A few weeks ago, in my #101Wednesdays post about escape rooms, I talked about the importance of not locking occupants in buildings. Quite simply, when people are locked in buildings and a fire occurs, they have a tendency to die. So the Life Safety Code goes to great lengths to ensure occupants have the ability to open doors and get out of the building when they need to. (There are, of course, exceptions for occupancies like detention and correctional and health care, where occupants are secured in the building for their safety and ours.) The Code does, however, recognize the need to secure doors in the closed position, and that’s fine as long as people can easily get out. Thus we have the requirements for door locks and latches in 18.104.22.168 of NFPA 101 (you can review them online, for free
). In summary, occupants must be able to open an egress door with not more than one simple operation, without the use of keys, tools, special knowledge or effort, and under all lighting conditions, including no light.
Traditionally, doors have been secured closed mechanically; go up to the door, operate the releasing mechanism which mechanically retracts the latch, and the door opens. These days, thanks to Alexander Hamilton’s invention of electricity* (that was for my daughter), doors can be secured closed by electronic means, using electromagnets and electronic control hardware. Instead of mechanically releasing a latch, the occupant operates a releasing switch, which sends a signal to the control hardware, which in turn drops the power to the electromagnet and allows the door to open. From the occupant’s perspective, this door operates the same as a door with mechanical latching hardware. Mechanical latches are pretty simple – not a lot of opportunity for failure. Electronic systems are more complicated and have more potential failure modes, so the Code needs to address them.
The requirements for electrically controlled egress doors are located in 22.214.171.124.6 of NFPA 101. Six criteria are specified:
(1) The hardware for occupant release of the lock must be affixed to the door leaf.
(2) The hardware must have an obvious method of operation that is readily operated in the direction of egress.
(3) The hardware must be capable of being operated with one hand in the direction of egress.
(4) Operation of the hardware must interrupt the power supply directly to the electric lock and unlock the door assembly in the direction of egress.
(5) Loss of power to the listed releasing hardware must automatically unlock the door assembly in the direction of egress.
(6) Hardware for new installations must be listed in accordance with ANSI/UL 294, Standard for Access Control System Units.
Where these criteria are met, the door should operate just like any other egress door, and it is not considered a special locking arrangement. Special locking arrangements are addressed in 126.96.36.199; I’ll discuss those in a future post.
Just yesterday, I had an advisory service call about electronic locks. I knew immediately what the caller was going to say – I hear it all the time. “I have a door that’s locked with an electromagnet. To get into the facility, you swipe a key-card and the door unlocks.” No problem, NFPA 101 doesn’t care about occupants’ ability to get into the building - only their ability to get out. Caller: “It’s also tied into the fire alarm system, so the magnet will release when there’s a fire.” To which I replied, “I see. And how does someone get out under normal conditions?” Caller: “Oh, they have to swipe a key-card.” Me: “I see. What if they don’t have their key-card?” Caller: “Well, it will unlock if the fire alarm goes off.” Me: “What if the fire alarm doesn’t go off for some reason?” Caller: “Oh, there’s a push-to-exit button on the wall by the door.” President Trump: “WRONG!” While this might sound like a compliant arrangement, it’s not, because to open the door, an occupant would need to know about the push-to-exit button, which might not be visible in an emergency if the lights go out (special knowledge). The door has to be able to be opened by releasing hardware attached to the door leaf, which is typical of mechanically latched doors, and is a requirement for electrically controlled egress doors.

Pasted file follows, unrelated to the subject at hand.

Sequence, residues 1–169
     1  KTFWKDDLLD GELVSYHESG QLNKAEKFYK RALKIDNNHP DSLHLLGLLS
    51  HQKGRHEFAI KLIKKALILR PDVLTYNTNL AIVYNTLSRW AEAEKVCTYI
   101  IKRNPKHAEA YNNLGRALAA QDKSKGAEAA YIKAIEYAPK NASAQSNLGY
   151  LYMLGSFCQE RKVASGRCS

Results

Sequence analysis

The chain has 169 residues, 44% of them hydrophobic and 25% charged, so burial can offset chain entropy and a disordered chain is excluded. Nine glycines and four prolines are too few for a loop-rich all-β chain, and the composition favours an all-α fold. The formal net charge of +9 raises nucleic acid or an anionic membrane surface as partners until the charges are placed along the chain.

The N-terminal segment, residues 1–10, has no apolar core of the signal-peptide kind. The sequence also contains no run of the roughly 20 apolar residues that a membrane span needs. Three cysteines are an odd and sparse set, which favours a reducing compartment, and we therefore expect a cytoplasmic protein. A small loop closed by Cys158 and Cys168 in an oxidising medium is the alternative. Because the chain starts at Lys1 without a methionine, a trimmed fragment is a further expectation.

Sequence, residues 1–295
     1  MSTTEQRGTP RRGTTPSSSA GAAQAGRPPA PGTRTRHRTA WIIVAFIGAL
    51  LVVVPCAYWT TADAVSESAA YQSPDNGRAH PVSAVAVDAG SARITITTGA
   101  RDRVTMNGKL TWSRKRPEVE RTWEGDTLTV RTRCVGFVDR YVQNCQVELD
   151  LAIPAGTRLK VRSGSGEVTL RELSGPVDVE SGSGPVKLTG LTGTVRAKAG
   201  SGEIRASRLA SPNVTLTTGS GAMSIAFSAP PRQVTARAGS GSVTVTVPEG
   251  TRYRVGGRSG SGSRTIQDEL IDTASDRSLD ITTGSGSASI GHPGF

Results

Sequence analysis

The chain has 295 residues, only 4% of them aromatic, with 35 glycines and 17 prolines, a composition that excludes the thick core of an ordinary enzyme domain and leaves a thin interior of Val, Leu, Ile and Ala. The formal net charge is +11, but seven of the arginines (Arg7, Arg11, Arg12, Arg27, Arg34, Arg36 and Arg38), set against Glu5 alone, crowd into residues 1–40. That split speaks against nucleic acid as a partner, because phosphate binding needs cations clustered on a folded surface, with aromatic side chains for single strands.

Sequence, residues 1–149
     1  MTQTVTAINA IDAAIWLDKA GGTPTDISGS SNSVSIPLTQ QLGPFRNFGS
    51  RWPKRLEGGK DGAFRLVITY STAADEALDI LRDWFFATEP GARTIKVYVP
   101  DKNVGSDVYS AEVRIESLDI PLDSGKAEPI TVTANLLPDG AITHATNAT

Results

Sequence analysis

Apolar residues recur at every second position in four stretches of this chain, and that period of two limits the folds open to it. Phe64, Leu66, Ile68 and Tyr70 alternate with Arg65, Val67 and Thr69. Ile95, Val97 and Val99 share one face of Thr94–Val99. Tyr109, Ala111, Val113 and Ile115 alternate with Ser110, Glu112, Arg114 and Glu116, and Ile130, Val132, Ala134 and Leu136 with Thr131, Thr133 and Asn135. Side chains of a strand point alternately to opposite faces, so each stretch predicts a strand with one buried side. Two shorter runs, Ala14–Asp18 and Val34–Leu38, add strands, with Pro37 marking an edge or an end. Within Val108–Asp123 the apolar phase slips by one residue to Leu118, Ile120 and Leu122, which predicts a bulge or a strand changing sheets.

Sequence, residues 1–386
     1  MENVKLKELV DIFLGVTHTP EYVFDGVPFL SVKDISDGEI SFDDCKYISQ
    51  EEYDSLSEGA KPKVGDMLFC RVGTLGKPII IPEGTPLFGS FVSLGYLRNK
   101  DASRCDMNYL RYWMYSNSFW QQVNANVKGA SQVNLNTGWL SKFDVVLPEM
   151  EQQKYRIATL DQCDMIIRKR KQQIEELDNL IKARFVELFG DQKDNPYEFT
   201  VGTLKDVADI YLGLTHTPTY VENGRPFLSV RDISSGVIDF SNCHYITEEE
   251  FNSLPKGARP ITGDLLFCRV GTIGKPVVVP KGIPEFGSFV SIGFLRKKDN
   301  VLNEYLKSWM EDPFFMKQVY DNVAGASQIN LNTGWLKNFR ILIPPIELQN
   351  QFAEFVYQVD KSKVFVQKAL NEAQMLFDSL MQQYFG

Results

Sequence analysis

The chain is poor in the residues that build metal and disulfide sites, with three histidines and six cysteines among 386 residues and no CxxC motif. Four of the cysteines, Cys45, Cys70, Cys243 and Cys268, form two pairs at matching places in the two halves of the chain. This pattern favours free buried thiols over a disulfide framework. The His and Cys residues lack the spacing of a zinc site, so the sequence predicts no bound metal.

Another question we sometimes get relates to standby power. If the electronic locking system is provided with standby or emergency power, are the doors required to unlock if the building loses power? The answer is no, as long as the system functions like it’s supposed to when powered by an alternate source. If the electronic system loses primary power and there’s no backup, the locks are required to fail-safe – that is, unlock.
The Life Safety Code got its start as the Building Exits Code; I can’t overemphasize the need to provide building occupants with free egress. If the provisions I’ve described here are followed, security can be provided without sacrificing life safety. I hope you’ll return for a future installment of #101Wednesdays. Until then, stay safe!
*IMPORTANT HISTORICAL ACCURACY DISCLAIMER: For all you 8th graders doing your science fair projects on egress doors, Alexander Hamilton didn’t invent electricity. As we all know, Hamilton was a hip-hop artist who founded the American financial system and died in 1804, years before the invention of electricity by Al Gore, who also invented the Internet. #ItsMyBlogICanHaveFunIfIWant
Got an idea for a topic for a future #101Wednesdays? Post it in the comments below – I’d love to hear your suggestions!
Did you know NFPA 101 is available to review online for free? Head over to www.nfpa.org/101 and click on “Free access to the 2015 edition of NFPA 101.”
Follow me on Twitter: @NFPAGregH